Making the Hammer of Science Stronger for Crime Solving

Making the Hammer of Science Stronger for Crime Solving

When it comes to evidence in court, there’s nothing is better than DNA. Or is there? False testimony can be based on faulty science, and can lead to wrongful convictions. Are all crime labs the same? What standards do we hold them to? How are the people who work in the crime lab trained?

 

In 2009, The National Academy of Sciences published a report entitled “Strengthening Forensic Science in the United States, A Path Forward.” This report forms the combined views and recommendations of the US Committee on Science, Technology and Law, a think tank of experts and professionals from all areas of US forensic science, based on a Congress-assigned task to unify forensic practices and more effectively serve US society.

I should point out here that I am a UK-based forensic biologist, previous employee of the UK’s flagship forensic science organization, The Forensic Science Service (recently closed by the UK government) and now operate on a freelance basis. From my perspective, the equivalent task would be to summarize UK forensic practice, fragmented as that may currently seem, then to explore the differences in standards, method and jurisdiction between our small nation and those of 49 others, such is the vastness of the US.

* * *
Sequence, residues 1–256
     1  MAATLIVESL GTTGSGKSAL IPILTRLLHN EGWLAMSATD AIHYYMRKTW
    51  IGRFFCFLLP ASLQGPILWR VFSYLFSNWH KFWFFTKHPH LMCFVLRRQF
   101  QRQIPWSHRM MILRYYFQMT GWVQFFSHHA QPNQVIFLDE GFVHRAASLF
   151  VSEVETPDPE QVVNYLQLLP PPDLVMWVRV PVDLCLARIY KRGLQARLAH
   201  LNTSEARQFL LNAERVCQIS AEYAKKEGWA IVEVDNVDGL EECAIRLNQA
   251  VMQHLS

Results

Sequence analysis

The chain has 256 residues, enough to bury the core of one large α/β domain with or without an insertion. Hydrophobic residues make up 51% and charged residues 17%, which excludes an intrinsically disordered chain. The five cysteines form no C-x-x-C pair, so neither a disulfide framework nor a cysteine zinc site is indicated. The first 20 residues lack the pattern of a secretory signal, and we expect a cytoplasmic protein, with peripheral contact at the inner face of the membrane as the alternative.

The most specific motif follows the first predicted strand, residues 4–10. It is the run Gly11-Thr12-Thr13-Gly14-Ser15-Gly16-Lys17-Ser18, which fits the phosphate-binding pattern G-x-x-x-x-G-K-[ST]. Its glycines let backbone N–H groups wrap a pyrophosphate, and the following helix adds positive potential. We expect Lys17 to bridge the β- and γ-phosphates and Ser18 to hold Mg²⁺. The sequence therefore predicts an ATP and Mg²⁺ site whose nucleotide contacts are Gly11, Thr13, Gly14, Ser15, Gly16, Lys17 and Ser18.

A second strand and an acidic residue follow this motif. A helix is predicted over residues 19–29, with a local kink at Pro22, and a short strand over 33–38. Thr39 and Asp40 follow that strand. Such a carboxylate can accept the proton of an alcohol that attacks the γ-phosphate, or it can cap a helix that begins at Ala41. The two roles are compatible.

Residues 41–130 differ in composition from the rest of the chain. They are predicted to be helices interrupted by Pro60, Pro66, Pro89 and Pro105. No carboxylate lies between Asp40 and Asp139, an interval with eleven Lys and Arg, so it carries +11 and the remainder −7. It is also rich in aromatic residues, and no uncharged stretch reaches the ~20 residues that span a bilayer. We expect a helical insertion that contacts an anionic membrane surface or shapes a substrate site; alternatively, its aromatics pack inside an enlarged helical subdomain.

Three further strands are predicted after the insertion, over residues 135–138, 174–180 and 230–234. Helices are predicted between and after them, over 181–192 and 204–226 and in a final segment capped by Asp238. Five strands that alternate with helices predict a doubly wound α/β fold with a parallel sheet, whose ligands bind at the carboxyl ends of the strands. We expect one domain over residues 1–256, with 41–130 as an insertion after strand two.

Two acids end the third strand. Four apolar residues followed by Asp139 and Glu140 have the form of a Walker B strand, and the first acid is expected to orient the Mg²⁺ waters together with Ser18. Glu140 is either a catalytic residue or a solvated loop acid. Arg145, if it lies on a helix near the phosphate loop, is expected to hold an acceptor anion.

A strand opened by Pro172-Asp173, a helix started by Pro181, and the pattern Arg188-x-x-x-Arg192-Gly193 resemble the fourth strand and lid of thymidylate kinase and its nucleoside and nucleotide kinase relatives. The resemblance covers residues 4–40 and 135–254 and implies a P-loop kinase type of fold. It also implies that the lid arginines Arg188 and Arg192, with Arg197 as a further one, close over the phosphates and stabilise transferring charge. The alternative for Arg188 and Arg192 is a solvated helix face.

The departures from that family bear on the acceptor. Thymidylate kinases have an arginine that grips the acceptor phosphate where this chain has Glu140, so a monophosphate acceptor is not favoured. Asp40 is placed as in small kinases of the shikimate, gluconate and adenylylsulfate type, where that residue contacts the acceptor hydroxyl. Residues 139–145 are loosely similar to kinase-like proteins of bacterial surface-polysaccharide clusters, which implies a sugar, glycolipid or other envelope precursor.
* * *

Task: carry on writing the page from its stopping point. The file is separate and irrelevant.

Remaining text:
Since working freelance, the questions of standards, quality and competence have never been more relevant. How can I demonstrate that the expert opinions offered by my small organization comprising a single expert, measure up to those offered by the remaining UK forensic providers or the global forensic community?

I have recently been teaching this very subject to a group of forensic science graduates at a UK university, explaining the concept of quality in forensic science, how it can be achieved, and why it is so very vital. Student feedback suggested that my month-long course may not have been of sufficient duration to fully explain the requirements of this complex subject across all forensic disciplines. As such, it should be no surprise that the US report describes a vast undertaking.

In late 2006, The National Academy of Sciences convened a diverse forensic science committee to identify the needs of the US forensic science community. This committee met eight times over two years to discuss every forensic evidence type, method, technology, infrastructure, training and education, budgetary priorities, accreditation, and the use of scientific opinion in criminal litigation.

  • By all accounts, the US system is a disparate arrangement of crime labs operating within federal, state and local jurisdictions for various agencies.
  • According to the findings of the report, most jurisdictions do not require crime lab accreditation.

In considering the need for accreditation, one must first consider the impact of scientific evidence in criminal proceedings. In some cases, inaccurate scientific testimony, based on faulty science, has undoubtedly led to wrongful convictions.

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